History of Czech
Czech is a Western Slavonic language spoken by about 12 million people in the Czech Republic (Česká republika). There are also many people of Czech origin in other countries, particularly the USA. Czech is closely related to Slovak, Polish and Sorbian.
The region where Czech is spoken is traditionally called Bohemia (Čechy) and was named after the Boii tribe who, according to Roman sources, has inhabited the area since at least the 1st century AD. The dialects spoken in Moravia (Morava) are also considered forms of Czech.
Czech literature started to appear in the 13th century. The first printed book in Czech, the story of the Trojan war (příběh o Trójské válce), was published at Plzeň (Pilsen) in 1468. After many years of Austrian rule, during which German was the main language of literature and government, there was a revival of Czech literature at the end of the 18th century.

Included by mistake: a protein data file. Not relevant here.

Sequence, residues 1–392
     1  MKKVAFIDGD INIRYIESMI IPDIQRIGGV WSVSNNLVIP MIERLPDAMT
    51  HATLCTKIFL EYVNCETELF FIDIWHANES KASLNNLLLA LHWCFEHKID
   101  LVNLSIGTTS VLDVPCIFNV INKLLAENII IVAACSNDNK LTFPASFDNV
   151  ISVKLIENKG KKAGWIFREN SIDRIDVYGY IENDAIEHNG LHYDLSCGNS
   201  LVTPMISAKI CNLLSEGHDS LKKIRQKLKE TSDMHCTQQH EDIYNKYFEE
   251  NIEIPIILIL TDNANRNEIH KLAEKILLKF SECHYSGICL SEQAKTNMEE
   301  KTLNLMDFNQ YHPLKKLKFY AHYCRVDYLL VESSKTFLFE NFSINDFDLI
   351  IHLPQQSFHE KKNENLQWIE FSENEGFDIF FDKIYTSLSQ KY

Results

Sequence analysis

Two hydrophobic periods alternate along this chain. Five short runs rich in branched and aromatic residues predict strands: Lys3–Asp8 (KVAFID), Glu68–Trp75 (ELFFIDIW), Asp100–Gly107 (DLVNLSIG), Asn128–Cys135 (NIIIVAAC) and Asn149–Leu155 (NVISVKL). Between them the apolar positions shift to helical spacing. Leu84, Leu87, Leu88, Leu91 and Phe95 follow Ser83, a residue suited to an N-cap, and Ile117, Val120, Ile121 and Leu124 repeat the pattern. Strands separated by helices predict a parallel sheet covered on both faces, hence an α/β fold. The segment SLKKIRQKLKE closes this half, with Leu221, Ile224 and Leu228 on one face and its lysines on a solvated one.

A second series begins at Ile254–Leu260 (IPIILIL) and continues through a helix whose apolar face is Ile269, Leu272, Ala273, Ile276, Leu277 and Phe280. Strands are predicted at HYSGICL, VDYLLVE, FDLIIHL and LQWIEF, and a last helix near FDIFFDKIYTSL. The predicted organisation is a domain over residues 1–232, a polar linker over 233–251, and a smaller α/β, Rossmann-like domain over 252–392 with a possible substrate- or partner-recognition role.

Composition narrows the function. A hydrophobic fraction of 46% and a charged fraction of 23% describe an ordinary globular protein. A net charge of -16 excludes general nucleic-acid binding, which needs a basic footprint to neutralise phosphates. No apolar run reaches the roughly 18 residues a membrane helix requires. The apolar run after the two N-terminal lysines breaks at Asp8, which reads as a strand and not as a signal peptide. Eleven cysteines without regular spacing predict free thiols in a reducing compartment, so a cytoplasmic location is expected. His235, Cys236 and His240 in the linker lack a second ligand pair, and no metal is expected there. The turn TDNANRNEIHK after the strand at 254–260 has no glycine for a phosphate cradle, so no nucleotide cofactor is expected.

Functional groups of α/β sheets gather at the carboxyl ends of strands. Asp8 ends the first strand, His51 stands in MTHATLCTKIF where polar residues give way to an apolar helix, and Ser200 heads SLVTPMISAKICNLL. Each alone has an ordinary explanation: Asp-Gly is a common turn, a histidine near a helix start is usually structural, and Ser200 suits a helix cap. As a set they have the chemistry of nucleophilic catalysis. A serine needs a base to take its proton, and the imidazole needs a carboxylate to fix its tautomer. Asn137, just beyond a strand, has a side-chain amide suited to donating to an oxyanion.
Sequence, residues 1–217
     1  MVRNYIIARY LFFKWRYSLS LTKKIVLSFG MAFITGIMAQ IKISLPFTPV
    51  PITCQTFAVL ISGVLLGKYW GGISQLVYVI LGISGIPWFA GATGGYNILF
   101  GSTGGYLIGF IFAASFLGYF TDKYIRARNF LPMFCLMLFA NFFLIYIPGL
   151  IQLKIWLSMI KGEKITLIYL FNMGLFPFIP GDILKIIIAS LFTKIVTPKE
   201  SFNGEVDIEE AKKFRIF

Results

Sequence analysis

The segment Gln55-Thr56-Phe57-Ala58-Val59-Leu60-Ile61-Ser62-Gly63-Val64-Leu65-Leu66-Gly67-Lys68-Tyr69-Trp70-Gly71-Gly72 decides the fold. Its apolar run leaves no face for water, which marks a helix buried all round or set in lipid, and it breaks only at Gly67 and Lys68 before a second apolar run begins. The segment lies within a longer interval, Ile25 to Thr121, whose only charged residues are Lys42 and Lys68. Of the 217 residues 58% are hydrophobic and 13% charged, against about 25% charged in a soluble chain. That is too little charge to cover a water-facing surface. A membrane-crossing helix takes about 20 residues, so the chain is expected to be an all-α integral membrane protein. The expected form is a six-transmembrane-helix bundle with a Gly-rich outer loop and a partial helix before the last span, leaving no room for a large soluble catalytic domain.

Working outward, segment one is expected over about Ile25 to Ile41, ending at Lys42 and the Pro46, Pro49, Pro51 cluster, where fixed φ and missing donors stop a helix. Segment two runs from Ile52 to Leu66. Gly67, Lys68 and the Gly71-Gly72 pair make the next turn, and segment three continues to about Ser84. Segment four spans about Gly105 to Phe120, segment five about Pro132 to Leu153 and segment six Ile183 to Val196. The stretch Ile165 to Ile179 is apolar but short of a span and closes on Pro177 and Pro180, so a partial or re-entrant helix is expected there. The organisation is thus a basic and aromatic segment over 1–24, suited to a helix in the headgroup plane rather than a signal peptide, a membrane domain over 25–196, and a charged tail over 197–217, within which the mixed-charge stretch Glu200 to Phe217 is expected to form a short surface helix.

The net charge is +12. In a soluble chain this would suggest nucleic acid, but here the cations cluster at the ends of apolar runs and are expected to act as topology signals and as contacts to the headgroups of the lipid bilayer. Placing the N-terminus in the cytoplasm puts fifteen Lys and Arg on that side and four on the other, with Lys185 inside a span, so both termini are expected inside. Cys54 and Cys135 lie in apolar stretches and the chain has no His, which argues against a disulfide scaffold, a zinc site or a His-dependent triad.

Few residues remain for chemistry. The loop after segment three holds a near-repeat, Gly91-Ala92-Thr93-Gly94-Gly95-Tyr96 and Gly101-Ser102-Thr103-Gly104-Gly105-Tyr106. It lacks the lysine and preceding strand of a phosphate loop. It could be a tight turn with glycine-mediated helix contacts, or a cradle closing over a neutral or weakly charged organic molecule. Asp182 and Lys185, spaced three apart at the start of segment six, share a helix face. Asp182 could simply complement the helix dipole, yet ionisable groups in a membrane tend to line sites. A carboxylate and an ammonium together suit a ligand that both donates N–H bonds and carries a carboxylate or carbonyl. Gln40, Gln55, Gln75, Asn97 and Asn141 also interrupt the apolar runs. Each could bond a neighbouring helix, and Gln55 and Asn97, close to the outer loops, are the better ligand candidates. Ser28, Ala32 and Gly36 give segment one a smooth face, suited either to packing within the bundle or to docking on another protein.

The most prominent writer during the early period of Czech literature was Jan Hus (1369-1415), a religious reformer who also reformed Czech spelling (české hláskování). He created the system of having one grapheme (letter) for every phoneme (sound) in the language by adding accents (čárka) to some of the letters. As a result, written Czech looks very different to written Polish. For example, in Czech the sound ch, as in church, is written č, but the same sound is written cz in Polish.
Words translated by CCJK146,096,379
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